Although registered and unregistered Community designs give the right holder an exclusive right to use the design, an unregistered design only permits the right holder to challenge designs which result from copying, hence the registered right is easier to enforce.

The big advantage of obtaining a registered design, rather than relying on unregistered rights, is that it shifts the burden of proof in the proprietor’s favour and makes enforcing the design a much quicker and cheaper process. Registered designs (UK or Community), enable the proprietor to take action against an infringer in relation to any design which does not create a different overall impression, and the existence of a design registration may be enough to prompt a competitor to withdraw a potentially infringing item from the market.

When relying on unregistered rights, the right holder will inevitably be forced to justify its rights and show that design right exists, that it is the legitimate owner of the design, and that the alleged infringer has copied the design. Quite often this takes the sting out of the tail of enforcement actions, and relying on unregistered rights rarely yields the quick and effective results that can be obtained from a validly registered design.

Belt and braces – preparing for a fight!

One common misconception is that designs are excessively costly and time consuming to enforce. A well thought through strategy for design enforcement can be used to great effect in preventing infringements at relatively low cost. Fashion houses should work with their lawyers to develop a structured and cost-effective strategy for protecting designs, but ten top tips for ensuring effective enforcement are:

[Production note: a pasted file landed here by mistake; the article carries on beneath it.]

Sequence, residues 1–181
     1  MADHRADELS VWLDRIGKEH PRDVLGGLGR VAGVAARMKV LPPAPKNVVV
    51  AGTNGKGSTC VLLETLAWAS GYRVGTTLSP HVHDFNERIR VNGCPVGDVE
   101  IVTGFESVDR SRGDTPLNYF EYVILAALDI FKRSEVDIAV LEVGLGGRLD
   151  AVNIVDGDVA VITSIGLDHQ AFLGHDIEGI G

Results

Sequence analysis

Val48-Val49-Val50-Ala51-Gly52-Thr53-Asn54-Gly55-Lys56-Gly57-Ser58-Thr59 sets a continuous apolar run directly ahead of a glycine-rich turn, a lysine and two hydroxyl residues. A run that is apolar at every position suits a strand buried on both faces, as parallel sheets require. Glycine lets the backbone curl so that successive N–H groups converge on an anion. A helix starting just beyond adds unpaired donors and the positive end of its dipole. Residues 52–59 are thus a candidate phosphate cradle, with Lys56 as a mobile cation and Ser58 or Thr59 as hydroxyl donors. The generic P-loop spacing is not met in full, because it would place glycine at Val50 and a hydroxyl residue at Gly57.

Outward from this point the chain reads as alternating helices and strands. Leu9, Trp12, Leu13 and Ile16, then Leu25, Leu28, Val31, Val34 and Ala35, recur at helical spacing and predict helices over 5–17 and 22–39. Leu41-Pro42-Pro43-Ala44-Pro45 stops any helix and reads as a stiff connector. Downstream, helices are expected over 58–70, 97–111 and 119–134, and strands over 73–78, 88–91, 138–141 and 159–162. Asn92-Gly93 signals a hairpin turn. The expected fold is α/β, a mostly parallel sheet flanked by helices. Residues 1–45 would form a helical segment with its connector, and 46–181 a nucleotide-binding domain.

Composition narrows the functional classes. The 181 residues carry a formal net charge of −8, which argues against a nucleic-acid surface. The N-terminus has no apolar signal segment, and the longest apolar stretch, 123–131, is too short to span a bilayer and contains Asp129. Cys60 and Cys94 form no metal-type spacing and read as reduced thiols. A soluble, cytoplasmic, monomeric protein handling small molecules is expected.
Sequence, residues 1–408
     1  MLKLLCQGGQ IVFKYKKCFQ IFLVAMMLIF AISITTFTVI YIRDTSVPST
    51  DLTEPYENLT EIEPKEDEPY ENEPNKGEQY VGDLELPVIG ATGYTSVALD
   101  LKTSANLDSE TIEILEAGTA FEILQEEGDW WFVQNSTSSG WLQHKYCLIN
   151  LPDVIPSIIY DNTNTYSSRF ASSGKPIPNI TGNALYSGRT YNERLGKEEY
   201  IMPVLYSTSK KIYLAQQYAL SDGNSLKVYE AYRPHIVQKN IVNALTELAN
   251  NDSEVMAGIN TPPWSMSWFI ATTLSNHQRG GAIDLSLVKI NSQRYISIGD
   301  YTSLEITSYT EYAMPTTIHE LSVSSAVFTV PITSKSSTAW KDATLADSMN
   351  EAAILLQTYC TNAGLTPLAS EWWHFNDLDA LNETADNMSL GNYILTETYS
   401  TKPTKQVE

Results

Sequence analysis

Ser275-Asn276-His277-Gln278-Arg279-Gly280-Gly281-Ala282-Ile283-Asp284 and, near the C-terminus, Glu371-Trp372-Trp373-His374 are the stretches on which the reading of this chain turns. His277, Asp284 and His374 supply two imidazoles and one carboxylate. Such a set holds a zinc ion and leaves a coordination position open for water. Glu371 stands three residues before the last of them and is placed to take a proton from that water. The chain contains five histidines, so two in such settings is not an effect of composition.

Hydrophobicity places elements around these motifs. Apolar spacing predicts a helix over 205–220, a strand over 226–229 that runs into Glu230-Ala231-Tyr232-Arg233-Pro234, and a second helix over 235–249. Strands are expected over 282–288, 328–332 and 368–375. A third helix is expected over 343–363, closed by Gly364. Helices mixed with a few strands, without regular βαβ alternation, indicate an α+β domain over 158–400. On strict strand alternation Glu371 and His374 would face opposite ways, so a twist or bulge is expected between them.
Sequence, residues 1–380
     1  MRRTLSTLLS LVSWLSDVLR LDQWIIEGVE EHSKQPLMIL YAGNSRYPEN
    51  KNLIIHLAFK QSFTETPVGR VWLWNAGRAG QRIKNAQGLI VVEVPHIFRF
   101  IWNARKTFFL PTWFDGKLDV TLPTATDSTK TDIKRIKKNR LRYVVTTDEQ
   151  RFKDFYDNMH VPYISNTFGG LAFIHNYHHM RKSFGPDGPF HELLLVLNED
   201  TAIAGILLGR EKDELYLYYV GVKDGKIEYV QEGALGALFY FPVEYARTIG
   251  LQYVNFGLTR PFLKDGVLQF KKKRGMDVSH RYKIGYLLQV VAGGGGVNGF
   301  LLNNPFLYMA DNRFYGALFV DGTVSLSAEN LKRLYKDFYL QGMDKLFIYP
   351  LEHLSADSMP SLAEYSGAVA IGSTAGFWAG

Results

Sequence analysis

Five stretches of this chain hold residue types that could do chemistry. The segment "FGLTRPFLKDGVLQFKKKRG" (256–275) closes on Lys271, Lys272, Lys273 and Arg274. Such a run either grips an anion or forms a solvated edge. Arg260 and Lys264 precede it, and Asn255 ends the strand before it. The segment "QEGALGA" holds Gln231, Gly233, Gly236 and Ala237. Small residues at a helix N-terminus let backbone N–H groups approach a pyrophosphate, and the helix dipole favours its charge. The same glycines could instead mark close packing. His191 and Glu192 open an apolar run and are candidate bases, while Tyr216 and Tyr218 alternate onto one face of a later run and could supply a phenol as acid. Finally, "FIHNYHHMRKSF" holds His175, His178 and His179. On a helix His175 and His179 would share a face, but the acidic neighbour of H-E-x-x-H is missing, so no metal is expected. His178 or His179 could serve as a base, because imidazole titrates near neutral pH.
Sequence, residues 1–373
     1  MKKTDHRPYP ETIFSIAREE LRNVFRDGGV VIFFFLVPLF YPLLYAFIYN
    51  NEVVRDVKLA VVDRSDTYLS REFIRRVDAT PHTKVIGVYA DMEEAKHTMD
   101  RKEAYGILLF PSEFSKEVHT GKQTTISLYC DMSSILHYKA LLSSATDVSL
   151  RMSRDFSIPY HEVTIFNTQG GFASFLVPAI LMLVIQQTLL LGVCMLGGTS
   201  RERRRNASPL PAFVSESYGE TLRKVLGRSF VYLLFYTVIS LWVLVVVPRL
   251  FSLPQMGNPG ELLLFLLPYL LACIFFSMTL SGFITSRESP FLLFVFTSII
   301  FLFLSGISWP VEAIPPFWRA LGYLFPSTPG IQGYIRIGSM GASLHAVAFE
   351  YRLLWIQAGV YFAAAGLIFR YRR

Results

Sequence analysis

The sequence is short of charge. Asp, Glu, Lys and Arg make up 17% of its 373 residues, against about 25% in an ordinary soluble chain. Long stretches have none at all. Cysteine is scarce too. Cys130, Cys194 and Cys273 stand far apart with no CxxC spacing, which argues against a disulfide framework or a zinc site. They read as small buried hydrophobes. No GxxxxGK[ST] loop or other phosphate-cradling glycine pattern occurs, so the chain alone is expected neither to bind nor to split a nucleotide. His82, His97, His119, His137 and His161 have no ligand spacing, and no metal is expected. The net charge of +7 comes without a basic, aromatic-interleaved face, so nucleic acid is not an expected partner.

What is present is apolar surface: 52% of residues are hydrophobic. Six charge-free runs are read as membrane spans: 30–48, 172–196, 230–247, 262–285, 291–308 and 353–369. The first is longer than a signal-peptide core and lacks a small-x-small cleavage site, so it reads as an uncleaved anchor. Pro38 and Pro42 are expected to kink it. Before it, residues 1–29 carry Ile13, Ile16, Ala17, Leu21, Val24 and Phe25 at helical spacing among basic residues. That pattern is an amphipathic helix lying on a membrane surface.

Rely on registered rights where possible because these can be enforced quickly and at lower cost than their unregistered equivalents;

If trading in Europe, opt for the Community registered design which provides EU-wide protection and potentially entitles the proprietor to a pan-European injunction;

  • Register key elements of the design, as well as the design in its entirety – this will provide protection against infringers who copy the entire design, or even its distinctive elements
  • Apply for design registration before the item is launched
  • If a design that was not registered prior to launch later becomes popular, seek registration quickly and certainly within 12 months of launch
  • Keep records and design drawings relating to the creation of each design because this helps to establish the provenance and ownership of the design, and may be vitally important evidence if the validity of the design is challenged